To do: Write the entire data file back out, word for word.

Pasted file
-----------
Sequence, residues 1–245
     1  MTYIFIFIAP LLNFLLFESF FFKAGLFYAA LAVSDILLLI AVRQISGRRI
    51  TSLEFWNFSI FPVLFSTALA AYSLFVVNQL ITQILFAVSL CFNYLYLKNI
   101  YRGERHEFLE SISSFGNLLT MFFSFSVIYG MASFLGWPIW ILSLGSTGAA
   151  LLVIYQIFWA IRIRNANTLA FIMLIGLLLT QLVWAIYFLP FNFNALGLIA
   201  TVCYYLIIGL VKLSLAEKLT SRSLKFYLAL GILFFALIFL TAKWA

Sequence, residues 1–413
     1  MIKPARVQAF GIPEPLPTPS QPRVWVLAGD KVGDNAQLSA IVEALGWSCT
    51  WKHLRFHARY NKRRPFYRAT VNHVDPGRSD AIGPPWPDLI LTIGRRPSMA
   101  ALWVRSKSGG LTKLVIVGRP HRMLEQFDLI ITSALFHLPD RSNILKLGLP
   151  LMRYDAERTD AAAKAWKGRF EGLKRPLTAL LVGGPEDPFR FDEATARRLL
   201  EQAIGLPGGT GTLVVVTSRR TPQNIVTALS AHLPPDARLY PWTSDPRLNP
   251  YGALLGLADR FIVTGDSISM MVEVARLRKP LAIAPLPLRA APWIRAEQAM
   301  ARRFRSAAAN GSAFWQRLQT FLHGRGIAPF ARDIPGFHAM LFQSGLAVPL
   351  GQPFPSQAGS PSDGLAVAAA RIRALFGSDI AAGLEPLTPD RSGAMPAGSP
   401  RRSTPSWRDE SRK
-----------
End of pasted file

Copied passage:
Sequence, residues 1–245
     1  MTYIFIFIAP LLNFLLFESF FFKAGLFYAA LAVSDILLLI AVRQISGRRI
    51  TSLEFWNFSI FPVLFSTALA AYSLFVVNQL ITQILFAVSL CFNYLYLKNI
   101  YRGERHEFLE SISSFGNLLT MFFSFSVIYG MASFLGWPIW ILSLGSTGAA
   151  LLVIYQIFWA IRIRNANTLA FIMLIGLLLT QLVWAIYFLP FNFNALGLIA
   201  TVCYYLIIGL VKLSLAEKLT SRSLKFYLAL GILFFALIFL TAKWA

Sequence, residues 1–413
     1  MIKPARVQAF GIPEPLPTPS QPRVWVLAGD KVGDNAQLSA IVEALGWSCT
    51  WKHLRFHARY NKRRPFYRAT VNHVDPGRSD AIGPPWPDLI LTIGRRPSMA
   101  ALWVRSKSGG LTKLVIVGRP HRMLEQFDLI ITSALFHLPD RSNILKLGLP
   151  LMRYDAERTD AAAKAWKGRF EGLKRPLTAL LVGGPEDPFR FDEATARRLL
   201  EQAIGLPGGT GTLVVVTSRR TPQNIVTALS AHLPPDARLY PWTSDPRLNP
   251  YGALLGLADR FIVTGDSISM MVEVARLRKP LAIAPLPLRA APWIRAEQAM
   301  ARRFRSAAAN GSAFWQRLQT FLHGRGIAPF ARDIPGFHAM LFQSGLAVPL
   351  GQPFPSQAGS PSDGLAVAAA RIRALFGSDI AAGLEPLTPD RSGAMPAGSP
   401  RRSTPSWRDE SRK